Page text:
Delays Of Surgeries Seem To Be Non-Life-Threatening For Women With Early-Stage Disease
Guest post from Dr. Shyamali Singhal, MD
Founder of Hope & Beauty
Through the early weeks and months of COVID-19, when hospitals were arranging to deal with a rush of patients, all elective surgeries — which included early-stage breast cancer surgeries — were temporarily delayed or permanently canceled. Has this caused issues for cancer patients? In this blog, we take a closer look at this problem.
Lowering the average number of performed surgeries during this year generally meant that a surgery that was instantly needed to save a life would indeed be performed, but any surgery whose delay would not directly damage patients’ health was postponed.
This delay in surgery or some other form of treatment has been causing a disturbance in many patients’ lives. Much of said disturbance is psychological in nature.
Surgery was generally performed only for patients with triple-negative breast cancers or those in immediate high-risk situations. Those with early-stage ER-positive breast cancers were instead treated with anti-estrogen or hormonal therapies. Surgery was postponed without a new set date. The early weeks of the COVID-19 pandemic have brought about a situation that even as much as 44% of breast cancer survivors had to delay some treatment or care.
COVID-19 And It’s Relation To Breast Cancer Prevention
Coronaviruses are a big group of viruses that can induce respiratory disease in people and animals. The coronavirus we’ve all learned so much about is called SARS-CoV-2, and the disease it causes is named coronavirus disease 2019. This is abbreviated, shortened, as COVID-19.
The virus that causes COVID-19 is highly contagious. It is estimated that it’s about 3 times more contagious than the flu virus. It spreads mainly through droplets of saliva thrown out when a person coughs or sneezes. People who are within 6 feet of an infected person may then inhale or otherwise get those infected droplets of virus-filled saliva into their noses, mouths, or eyes.
At this moment, there is still no vaccine or completely effective treatment for COVID-19. Some vaccines are in early testing stages, so there’s reasonable hope we will have it soon.
Because COVID-19 is so quick to spread when given a chance and to save healthcare means for people diagnosed with COVID-19, many hospitals delayed or canceled elective procedures. This included anything that didn’t need to be promptly done to save someone’s life. Breast cancer screenings were also considered as elective procedures, so many mammograms were delayed or canceled. Some breast cancer surgeries and other treatments also were delayed or canceled.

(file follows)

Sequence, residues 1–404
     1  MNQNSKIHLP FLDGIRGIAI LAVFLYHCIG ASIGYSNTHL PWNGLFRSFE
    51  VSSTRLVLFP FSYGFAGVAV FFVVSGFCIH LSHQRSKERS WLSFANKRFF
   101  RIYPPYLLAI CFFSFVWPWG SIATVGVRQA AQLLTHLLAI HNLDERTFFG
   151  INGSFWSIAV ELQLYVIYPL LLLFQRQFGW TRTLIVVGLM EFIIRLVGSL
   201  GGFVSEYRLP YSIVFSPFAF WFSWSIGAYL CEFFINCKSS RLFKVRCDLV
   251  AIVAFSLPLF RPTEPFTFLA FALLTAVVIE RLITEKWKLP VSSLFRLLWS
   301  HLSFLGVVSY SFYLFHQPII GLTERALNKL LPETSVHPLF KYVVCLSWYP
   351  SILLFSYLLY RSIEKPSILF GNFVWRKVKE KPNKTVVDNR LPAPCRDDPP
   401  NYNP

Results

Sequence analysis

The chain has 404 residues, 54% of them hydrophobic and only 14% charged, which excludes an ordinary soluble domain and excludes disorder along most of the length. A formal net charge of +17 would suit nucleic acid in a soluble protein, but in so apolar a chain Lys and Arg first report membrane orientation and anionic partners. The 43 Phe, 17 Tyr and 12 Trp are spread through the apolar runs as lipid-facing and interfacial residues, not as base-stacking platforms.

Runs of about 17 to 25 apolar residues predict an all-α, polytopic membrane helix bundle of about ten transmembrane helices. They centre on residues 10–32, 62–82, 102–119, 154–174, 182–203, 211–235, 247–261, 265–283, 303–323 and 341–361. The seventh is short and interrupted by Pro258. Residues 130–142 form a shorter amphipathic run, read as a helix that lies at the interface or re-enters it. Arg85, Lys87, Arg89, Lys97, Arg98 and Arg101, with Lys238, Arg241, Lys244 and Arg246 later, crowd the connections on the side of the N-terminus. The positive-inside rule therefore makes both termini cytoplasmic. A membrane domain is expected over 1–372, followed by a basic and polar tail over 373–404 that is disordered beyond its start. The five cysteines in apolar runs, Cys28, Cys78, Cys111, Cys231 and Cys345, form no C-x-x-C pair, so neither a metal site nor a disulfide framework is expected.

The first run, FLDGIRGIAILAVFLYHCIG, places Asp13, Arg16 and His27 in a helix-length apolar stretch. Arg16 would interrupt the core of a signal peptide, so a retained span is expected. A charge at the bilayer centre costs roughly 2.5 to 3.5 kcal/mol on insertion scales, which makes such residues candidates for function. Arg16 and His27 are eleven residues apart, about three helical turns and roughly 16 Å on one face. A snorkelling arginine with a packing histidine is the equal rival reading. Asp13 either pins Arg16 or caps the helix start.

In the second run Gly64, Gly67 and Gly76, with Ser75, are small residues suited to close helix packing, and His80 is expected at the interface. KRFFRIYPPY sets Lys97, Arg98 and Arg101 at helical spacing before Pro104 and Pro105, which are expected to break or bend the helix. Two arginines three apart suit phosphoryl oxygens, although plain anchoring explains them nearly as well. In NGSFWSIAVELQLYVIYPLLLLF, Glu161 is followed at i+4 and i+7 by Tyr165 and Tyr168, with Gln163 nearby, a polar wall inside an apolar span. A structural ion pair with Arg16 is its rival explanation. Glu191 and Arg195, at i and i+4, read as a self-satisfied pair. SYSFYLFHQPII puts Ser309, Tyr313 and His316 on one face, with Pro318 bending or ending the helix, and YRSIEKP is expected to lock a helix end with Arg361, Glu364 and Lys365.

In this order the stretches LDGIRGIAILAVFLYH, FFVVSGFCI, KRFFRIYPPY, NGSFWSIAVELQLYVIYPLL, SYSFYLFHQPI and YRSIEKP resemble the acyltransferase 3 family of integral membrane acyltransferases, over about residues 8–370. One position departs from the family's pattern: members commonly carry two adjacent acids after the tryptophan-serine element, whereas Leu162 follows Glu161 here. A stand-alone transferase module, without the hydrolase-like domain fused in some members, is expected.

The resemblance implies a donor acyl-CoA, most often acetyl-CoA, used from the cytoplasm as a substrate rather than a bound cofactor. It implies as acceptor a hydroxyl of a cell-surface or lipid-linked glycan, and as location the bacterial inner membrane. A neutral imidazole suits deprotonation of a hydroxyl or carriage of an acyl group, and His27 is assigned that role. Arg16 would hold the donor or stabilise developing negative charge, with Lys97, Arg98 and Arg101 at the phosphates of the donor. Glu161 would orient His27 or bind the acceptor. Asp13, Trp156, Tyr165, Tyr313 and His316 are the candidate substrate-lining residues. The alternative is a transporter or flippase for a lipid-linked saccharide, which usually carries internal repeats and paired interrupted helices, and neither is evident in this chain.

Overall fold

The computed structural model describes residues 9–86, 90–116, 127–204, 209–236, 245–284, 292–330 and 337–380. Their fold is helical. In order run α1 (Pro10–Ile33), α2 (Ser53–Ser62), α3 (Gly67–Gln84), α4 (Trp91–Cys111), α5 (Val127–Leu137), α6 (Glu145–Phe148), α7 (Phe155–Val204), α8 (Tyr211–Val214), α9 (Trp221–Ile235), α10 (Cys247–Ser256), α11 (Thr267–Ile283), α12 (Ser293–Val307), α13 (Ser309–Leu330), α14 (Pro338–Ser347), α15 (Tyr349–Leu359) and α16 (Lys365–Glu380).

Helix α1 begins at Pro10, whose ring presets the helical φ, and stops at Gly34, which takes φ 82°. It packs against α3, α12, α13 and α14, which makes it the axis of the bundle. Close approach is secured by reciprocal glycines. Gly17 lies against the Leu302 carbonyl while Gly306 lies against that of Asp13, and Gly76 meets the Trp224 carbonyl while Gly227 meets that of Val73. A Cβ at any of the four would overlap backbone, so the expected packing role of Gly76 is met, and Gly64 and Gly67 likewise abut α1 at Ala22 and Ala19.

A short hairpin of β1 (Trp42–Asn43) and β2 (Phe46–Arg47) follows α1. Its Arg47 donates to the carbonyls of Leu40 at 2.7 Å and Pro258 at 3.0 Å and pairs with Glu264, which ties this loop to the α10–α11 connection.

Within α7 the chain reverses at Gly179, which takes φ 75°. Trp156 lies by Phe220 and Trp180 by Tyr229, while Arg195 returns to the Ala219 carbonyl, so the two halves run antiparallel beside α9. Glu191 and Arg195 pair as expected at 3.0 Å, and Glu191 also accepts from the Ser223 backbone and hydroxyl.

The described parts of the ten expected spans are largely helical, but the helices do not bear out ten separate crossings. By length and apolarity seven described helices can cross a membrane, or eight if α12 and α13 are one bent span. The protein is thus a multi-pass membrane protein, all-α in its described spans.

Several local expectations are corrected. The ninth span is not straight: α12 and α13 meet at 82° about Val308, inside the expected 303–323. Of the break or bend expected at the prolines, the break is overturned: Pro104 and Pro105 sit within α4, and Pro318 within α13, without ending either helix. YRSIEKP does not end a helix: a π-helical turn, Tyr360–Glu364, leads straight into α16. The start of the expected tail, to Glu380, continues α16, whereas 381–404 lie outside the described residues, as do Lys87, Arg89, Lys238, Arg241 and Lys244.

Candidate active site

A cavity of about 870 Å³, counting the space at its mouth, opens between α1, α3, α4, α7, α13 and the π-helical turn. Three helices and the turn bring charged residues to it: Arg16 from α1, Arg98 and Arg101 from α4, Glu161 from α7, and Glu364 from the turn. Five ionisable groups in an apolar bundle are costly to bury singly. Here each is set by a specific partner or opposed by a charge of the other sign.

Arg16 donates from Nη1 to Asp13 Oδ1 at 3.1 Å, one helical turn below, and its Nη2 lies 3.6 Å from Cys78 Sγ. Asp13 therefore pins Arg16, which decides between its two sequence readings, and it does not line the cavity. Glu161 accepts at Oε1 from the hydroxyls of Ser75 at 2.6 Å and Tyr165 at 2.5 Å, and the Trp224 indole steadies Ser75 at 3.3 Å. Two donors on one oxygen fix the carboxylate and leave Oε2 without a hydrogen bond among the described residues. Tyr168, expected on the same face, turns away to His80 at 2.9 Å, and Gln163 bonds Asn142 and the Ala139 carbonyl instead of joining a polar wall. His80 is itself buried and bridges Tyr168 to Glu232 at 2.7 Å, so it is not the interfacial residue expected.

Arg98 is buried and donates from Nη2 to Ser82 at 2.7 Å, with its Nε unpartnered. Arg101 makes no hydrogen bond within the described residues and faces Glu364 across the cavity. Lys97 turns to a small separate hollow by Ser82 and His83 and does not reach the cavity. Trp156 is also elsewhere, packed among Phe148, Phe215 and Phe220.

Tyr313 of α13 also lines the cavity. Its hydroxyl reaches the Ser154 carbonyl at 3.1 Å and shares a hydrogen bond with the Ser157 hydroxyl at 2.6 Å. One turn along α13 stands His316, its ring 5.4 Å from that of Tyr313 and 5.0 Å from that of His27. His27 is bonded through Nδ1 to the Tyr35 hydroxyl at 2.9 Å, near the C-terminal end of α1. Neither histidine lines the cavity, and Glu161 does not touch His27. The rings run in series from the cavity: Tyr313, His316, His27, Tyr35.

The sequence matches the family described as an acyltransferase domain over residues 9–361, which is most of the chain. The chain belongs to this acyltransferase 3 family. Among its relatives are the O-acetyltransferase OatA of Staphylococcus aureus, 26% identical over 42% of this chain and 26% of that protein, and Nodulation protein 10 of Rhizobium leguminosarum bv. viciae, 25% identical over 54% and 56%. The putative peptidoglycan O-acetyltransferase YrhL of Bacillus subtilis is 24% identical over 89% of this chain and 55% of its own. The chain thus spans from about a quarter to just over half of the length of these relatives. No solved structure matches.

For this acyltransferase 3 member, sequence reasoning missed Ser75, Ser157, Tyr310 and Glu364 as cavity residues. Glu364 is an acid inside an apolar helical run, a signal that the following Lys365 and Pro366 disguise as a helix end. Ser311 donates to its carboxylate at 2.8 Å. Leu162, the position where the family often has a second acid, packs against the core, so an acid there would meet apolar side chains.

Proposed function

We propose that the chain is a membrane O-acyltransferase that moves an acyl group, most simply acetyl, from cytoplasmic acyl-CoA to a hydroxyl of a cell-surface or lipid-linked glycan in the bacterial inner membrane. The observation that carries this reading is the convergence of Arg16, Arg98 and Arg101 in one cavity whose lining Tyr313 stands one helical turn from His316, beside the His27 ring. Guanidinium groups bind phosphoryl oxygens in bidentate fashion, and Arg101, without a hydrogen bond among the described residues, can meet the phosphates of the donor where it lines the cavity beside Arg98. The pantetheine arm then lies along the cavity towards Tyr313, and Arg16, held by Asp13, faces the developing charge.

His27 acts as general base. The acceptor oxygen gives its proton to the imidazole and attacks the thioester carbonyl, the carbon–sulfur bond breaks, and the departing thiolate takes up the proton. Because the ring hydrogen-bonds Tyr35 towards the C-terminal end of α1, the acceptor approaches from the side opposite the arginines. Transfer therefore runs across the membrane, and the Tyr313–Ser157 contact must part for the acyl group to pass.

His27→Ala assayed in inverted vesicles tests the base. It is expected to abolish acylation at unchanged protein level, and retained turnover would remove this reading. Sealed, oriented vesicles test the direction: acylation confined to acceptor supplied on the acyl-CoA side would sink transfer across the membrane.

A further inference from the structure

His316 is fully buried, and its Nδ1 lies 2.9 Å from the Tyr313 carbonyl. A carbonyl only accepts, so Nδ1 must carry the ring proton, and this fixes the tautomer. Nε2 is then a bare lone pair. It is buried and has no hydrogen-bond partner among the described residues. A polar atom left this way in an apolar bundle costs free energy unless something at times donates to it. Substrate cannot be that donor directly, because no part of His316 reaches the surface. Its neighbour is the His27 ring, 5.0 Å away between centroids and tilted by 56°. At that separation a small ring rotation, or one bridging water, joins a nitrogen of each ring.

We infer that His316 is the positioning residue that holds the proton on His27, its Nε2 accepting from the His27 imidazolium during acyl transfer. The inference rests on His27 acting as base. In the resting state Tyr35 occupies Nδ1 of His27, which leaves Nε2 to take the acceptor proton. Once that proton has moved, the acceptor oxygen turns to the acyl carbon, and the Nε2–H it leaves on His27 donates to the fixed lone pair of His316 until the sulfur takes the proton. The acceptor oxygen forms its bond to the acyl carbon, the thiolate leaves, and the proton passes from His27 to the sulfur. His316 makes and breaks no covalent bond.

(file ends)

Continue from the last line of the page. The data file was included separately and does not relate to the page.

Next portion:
Surgical Delay Can Often Be Distressing
COVID-19 did not crackdown on the United States evenly. Some states recorded thousands of cases, while others had only a few hundred. Because of this, the delays in breast cancer care were very much different in different places. Surgery has sometimes been delayed in order to immediately start a patient on chemotherapy who is considered to be a especially high risk of forming metastatic breast cancer or with the hope of reducing the size of the primary tumor to avoid a mastectomy. Even in those situations, the surgical delay was often distressing. When first diagnosed with breast cancer, most people, naturally, just want the tumor out. It is very scary to live with the knowledge that a cluster of cancer cells is already in one’s breast, even if chemotherapy has started.
“Full effects of this pandemic will probably be felt deeply in many areas of medicine, but possibly none more so than in oncology,” said Dr. Shyamali Singhal, surgical oncologist and founder of H&B. It is imperative that patients continue to maintain their regular meetings and screenings to recognize and treat breast cancer in due time. The COVID-19 global pandemic should be used as an incentive for the health care system to seek out new possible ways to reach patients and assure that early detection screenings continue.
Human Connection Is A Crucial Part Of Healing
Delaying surgery in ER-positive early-stage breast cancer and, instead, starting with the treatment with endocrine therapy did not lower the odds of 5-year survival or increase the odds of a later stage cancer being finally diagnosed at the time of surgery. Before the pandemic, the average wait until surgery was less than 120 days for 98% of women. This delay is actually similar to what has transpired during the pandemic as hospitals have continued these surgeries after the first weeks of the epidemic.
This information has to be very pleasing to hear for those having a new cancer diagnosis matching with the pandemic. Dealing with either crisis is tough enough on its own; battling with both at once is terrifying. Waiting for surgery has been especially hard, but other aspects of new cancer care throughout the pandemic have been hard, also.
Some patients have said that it’s very disconcerting to have never seen their doctor in person without a mask. Others have mentioned the discomfort of not meeting their doctors in person at all but talking with them only online.
Since the human connection and human touch are a huge part of healing, placing these limitations has been bothersome. We want to remind ourselves that this too will pass.